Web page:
Massive rents kill affordable housing

Massive rents kill affordable housing

100,000 affordable housing units disappeared in Quebec in five years as a result

Nearly 116,000 affordable housing units for less than $750 have disappeared in just five years in Quebec, including 90,000 in Montreal alone, denounces FRAPRU.

“In the case of Montreal, it is really the disappearance of affordable housing that awaits us. You have to see that soon, there will be no more [housing at less than $750]”, warns Véronique Laflamme, spokesperson for the Popular Action Front in Urban Redevelopment (FRAPRU).

An analysis of the 2016 and 2021 censuses shed light on the net loss of homes that cost less than $750 per month. “In the metropolitan area alone, there are 90,000 housing units [at less than $750] which were lost between the 2016 and 2021 censuses and if we look at certain regions where there are more than 50% of the rents below of this price, we see the curve which decreases dramatically”, deplores Ms. Laflamme.

“The effect has an even bigger impact on seniors that have the capability to live alone but cannot afford it anymore on a fixed income or their penurious pensions” lamented Joanne Tsoublekas, director of senior’s organization FILIA which has operated in Park-Extension for 40 years.

Revealing study

The analysis, conducted across Canada by Steve Pomeroy, Canadian housing expert and professor at McMaster University in Hamilton, Ontario, also shows that Quebec is the Canadian province with the greatest loss, with close to 116,000 fewer units, followed by Ontario (49,000 affordable units lost) and British Columbia (nearly 32,000).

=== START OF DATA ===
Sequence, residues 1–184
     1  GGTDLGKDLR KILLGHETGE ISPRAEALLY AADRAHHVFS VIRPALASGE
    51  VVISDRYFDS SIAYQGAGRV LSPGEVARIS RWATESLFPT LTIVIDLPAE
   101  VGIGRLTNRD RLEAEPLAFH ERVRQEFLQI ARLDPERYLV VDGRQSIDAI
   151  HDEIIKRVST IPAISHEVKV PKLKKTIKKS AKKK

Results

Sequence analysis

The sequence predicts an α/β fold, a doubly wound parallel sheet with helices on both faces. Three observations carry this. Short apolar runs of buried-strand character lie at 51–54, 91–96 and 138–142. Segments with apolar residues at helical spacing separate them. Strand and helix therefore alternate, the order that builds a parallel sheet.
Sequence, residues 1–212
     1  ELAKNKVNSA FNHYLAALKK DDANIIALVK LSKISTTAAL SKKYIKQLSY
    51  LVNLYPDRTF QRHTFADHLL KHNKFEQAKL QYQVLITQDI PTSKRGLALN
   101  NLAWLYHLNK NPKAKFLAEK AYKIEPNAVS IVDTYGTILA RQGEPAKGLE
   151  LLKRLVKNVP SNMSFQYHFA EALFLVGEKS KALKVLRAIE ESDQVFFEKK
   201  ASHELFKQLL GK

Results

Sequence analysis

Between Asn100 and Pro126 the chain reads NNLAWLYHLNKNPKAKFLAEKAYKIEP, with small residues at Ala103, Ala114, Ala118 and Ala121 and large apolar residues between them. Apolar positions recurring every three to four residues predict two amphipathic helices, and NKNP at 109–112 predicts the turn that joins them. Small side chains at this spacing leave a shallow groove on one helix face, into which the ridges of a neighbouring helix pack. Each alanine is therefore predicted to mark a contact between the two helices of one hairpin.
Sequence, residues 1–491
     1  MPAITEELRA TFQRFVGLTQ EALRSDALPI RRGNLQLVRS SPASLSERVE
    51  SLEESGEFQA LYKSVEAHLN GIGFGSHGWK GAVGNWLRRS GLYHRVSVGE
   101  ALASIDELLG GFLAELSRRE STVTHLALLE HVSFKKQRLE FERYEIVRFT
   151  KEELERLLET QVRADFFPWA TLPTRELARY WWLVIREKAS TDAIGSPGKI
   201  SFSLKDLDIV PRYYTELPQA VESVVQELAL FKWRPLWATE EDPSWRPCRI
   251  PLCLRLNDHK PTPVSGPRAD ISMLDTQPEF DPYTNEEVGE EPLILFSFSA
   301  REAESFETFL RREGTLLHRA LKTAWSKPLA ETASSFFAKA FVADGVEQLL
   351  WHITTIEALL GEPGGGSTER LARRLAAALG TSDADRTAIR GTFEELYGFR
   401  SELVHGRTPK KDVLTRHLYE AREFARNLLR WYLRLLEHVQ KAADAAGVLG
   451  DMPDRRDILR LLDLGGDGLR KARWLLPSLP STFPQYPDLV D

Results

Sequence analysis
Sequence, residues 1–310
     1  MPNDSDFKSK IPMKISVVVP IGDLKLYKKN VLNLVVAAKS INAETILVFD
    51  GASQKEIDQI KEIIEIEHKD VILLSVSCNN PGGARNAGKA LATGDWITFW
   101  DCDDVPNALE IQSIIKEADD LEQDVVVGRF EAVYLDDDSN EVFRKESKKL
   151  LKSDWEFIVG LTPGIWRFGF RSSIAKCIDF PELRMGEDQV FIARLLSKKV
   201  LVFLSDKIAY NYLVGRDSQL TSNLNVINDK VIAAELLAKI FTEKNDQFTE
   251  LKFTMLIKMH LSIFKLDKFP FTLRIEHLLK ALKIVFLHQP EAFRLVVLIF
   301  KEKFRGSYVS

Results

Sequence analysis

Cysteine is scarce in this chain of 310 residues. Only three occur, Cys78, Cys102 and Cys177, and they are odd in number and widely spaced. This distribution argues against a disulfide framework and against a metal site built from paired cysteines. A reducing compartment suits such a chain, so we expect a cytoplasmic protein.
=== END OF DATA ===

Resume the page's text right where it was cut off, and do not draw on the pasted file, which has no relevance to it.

This same study of Statistics Canada data shows that in just ten years, Montreal has lost nearly 168,000 affordable housing units.

“In the majority of cases now, we find these dwellings in the bracket above, or even beyond $1,000,” adds Ms. Laflamme, who denounces the dramatic consequences that this will have on households with low incomes.

Worrisome trend

And the trend is even more worrying as rents in the regions are rising faster and faster, in particular because of abusive rent increases. “We are heading towards an erosion of the still affordable rental stock. We see major rent increases that occur when tenants change,” says Ms. Laflamme.

“Several municipalities in Quebec deemed more affordable until now and where housing units under $750 still occupy more than half of the rental housing stock are at risk of suffering the same fate as Montreal if nothing is done.” added Ms. Laflamme.